Date of Award

2016

Degree Type

Dissertation

Degree Name

Doctor of Philosophy (PhD)

Graduate Group

Cell & Molecular Biology

First Advisor

James A. Hoxie

Abstract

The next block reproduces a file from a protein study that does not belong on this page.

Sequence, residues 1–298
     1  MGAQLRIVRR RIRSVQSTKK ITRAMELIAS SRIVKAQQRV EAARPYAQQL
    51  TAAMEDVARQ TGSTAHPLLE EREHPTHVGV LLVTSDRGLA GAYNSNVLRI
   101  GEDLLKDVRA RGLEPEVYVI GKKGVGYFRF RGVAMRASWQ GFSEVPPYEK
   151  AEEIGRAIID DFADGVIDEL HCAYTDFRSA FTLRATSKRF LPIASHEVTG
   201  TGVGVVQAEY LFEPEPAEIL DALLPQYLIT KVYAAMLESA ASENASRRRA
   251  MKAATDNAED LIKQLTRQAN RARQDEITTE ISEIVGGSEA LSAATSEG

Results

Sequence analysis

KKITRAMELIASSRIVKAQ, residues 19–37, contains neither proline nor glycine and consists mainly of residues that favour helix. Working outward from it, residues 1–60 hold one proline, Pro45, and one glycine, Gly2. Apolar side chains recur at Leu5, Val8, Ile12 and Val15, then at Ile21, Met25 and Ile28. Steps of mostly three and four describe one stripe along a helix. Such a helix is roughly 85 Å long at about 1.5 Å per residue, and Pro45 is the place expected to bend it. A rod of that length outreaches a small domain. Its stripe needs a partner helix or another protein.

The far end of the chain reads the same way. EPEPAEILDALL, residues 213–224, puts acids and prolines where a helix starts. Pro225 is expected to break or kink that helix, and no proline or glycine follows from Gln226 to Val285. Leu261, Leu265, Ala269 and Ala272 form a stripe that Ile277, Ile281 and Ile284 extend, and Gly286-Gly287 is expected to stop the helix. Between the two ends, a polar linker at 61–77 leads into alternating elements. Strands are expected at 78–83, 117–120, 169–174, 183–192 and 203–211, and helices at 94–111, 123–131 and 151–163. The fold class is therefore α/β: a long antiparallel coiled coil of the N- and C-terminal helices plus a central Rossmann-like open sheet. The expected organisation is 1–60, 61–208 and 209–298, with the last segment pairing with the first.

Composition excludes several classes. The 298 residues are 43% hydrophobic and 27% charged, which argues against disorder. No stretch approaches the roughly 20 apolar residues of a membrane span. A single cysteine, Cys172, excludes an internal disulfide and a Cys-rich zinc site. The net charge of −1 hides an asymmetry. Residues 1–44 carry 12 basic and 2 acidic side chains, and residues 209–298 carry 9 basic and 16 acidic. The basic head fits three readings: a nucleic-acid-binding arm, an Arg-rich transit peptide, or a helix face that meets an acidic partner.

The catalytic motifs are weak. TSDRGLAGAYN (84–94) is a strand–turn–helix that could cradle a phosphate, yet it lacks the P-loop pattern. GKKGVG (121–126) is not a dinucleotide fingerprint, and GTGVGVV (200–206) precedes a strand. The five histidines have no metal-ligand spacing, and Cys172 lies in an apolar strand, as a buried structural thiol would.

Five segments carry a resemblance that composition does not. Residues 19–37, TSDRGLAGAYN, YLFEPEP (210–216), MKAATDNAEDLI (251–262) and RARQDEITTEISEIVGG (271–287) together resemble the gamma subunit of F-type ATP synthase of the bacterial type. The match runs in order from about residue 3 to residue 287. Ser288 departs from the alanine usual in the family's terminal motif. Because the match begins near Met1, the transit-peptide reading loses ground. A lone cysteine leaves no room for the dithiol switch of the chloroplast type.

During HIV-1 entry, CD4 and a coreceptor (either CCR5 or CXCR4) must interact with the envelope glycoprotein (Env). The coreceptor N-terminus and extracellular loops are critical domains that interact cooperatively with Env to drive the release of gp41 for fusion with the host membrane. Conformational changes in Env that follow coreceptor engagement to trigger fusion are poorly understood. We explored the individual contribution of interactions between an HIV-1 Env and the coreceptor N-terminus with a variant, termed CEMAX, that mediated fusion and infection using a coreceptor construct that expressed only the first 27 residues of the CXCR4 N-terminus, fused to a CD4 anchoring molecule (X4-NT/CD4). CEMAX acquired mutations in gp41, but also contained a severely truncated V3 loop in gp120. Here we describe the derivation and characterization of HIV-1s with full V3 loops and combinations of these gp41 changes that enabled efficient utilization of an R5-NT/CD4 construct containing the first 19 residues of CCR5 fused to a CD4 anchoring molecule. The determinants for this gain of function were mapped to gp41 mutations in: the fusion peptide, an N-terminal helical domain, and heptad repeat-2. We demonstrated that these changes in heterologous HIV-1s conferred the same phenotype. We also evaluated the mechanism of this novel “N-terminus only” usage of CCR5. Although global changes in trimer architecture were not detected by several antibodies, the acquisition of N-terminus only usage was associated with reduced sensitivity to a gp41 fusion inhibitor, consistent with more rapid fusion kinetics. Our findings also indicated that infection of cells expressing CD4 and R5-NT/CD4 was markedly enhanced in the absence of Vpu and in the presence of tetherin, likely as a result of tetherin-mediated formation of cell-associated viral aggregates and facilitation of cell-to-cell spread. Based on new structural insights of the CD4-activated trimer in its final conformational state before coreceptor engagement, this novel phenotype is consistent with a model in which gp41 mutations destabilize interactions between the gp41 N-terminus and a CD4-induced pocket formed near the trimer core, lowering the threshold for triggering and enabling the coreceptor N-terminus to become sufficient for gp41 release and cell fusion.

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